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Journal of Applied Genetics

, Volume 51, Issue 4, pp 523–528 | Cite as

An infant with cartilage-hair hypoplasia due to a novel homozygous mutation in the promoter region of theRMRP gene associated with chondrodysplasia and severe immunodeficiency

  • N. Vatanavicharn
  • N. Visitsunthorn
  • T. Pho-iam
  • O. Jirapongsananuruk
  • P. Pacharn
  • K. Chokephaibulkit
  • C. Limwongse
  • P. Wasant
Case report

Abstract

Cartilage-hair hypoplasia (CHH) is a rare autosomal-recessive disorder characterized by short-limbed dwarfism, sparse hair, and immune deficiency. It is caused by mutations in theRMRP gene, which encodes the RNA component of the mitochondrial RNA-processing ribonuclease (RNase MRP). Several mutations have been identified in its promoter region or transcribed sequence. However, homozygous mutations in the promoter region have been only reported in a patient with primary immunodeficiency without other features of CHH. We report on a Thai girl who first presented with chronic diarrhea, recurrent pneumonia, and severe failure to thrive, without apparently disproportionate dwarfism. The diagnosis of CHH was made after the severe wasting was corrected, and disproportionate growth became noticeable. The patient had the typical features of CHH, including sparse hair and metaphyseal abnormalities. The immunologic profiles were consistent with combined immune deficiency. Mutation analysis identified a novel homozygous mutation, g.-19_-25 dupACTACTC, in the promoter region of theRMRP gene. Identification of the mutation enabled us to provide a prenatal diagnosis in the subsequent pregnancy. This patient is the first CHH case with the characteristic features due to the homozygous mutation in the promoter region of theRMRP gene. The finding of severe immunodeficiency supports that promoter mutations markedly disrupt mRNA cleavage function, which causes cell-cycle impairment.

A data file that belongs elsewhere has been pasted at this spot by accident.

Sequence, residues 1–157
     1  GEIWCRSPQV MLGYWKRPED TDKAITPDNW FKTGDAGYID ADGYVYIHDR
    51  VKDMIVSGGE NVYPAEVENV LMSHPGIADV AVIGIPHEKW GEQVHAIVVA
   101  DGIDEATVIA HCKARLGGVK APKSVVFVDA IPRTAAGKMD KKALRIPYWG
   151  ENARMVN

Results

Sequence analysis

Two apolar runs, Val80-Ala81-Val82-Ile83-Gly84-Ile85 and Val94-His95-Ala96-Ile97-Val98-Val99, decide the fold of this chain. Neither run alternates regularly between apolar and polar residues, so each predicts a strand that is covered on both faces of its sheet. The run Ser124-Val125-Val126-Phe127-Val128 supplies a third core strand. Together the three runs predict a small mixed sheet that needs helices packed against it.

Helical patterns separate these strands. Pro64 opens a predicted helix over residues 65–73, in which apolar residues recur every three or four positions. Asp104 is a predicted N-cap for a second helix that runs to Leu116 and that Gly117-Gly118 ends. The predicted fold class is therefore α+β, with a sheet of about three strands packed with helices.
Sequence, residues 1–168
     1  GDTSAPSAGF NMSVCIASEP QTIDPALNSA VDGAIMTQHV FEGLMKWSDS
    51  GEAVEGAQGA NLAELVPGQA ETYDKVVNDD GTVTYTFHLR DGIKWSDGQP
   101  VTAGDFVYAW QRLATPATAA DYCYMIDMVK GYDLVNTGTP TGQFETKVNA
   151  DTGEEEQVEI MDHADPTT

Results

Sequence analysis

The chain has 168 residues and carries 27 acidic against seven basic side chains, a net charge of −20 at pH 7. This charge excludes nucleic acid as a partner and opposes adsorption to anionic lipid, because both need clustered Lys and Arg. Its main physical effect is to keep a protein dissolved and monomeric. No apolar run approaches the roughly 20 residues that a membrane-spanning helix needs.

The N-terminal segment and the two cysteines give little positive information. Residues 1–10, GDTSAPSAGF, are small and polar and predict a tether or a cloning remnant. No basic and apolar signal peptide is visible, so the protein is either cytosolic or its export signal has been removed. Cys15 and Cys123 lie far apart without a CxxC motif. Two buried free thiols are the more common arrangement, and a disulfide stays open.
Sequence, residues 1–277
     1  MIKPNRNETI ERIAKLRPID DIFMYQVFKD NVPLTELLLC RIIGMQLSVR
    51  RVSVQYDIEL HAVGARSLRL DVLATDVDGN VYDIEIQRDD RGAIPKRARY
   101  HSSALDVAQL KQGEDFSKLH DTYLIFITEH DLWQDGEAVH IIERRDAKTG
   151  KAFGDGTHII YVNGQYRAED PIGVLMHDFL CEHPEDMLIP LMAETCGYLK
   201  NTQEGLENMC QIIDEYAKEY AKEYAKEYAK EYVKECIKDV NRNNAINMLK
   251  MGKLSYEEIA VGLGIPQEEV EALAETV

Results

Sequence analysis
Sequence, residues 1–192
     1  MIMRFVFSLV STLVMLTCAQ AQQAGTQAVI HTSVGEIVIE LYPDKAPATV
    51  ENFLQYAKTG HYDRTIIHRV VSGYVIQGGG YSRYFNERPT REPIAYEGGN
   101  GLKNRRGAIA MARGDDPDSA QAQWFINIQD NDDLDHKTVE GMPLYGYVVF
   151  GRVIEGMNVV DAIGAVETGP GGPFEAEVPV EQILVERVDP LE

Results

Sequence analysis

Keywords

cartilage-hair hypoplasia combined immune deficiency promoter region mutation RMRP gene 

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Copyright information

© Institute of Plant Genetics, Polish Academy of Sciences, Poznan 2010

Authors and Affiliations

  • N. Vatanavicharn
    • 1
  • N. Visitsunthorn
    • 2
  • T. Pho-iam
    • 3
  • O. Jirapongsananuruk
    • 2
  • P. Pacharn
    • 2
  • K. Chokephaibulkit
    • 4
  • C. Limwongse
    • 3
    • 5
    • 6
  • P. Wasant
    • 1
  1. 1.Division of Medical Genetics, Department of Pediatrics, Faculty of Medicine Siriraj HospitalMahidol UniversityBangkokThailand
  2. 2.Division of Allergy and Immunology, Department of Pediatrics, Faculty of Medicine Siriraj HospitalMahidol UniversityBangkokThailand
  3. 3.Neurogenetic Network, Division of Health Service Research and Development, Department of Research and Development, Faculty of Medicine Siriraj HospitalMahidol UniversityBangkokThailand
  4. 4.Division of Infectious Diseases, Faculty of Medicine Siriraj HospitalMahidol UniversityBangkokThailand
  5. 5.Division of Molecular Genetics, Department of Research and Development, Faculty of Medicine Siriraj HospitalMahidol UniversityBangkokThailand
  6. 6.Division of Medical Genetics, Department of Medicine, Faculty of Medicine Siriraj HospitalMahidol UniversityBangkokThailand

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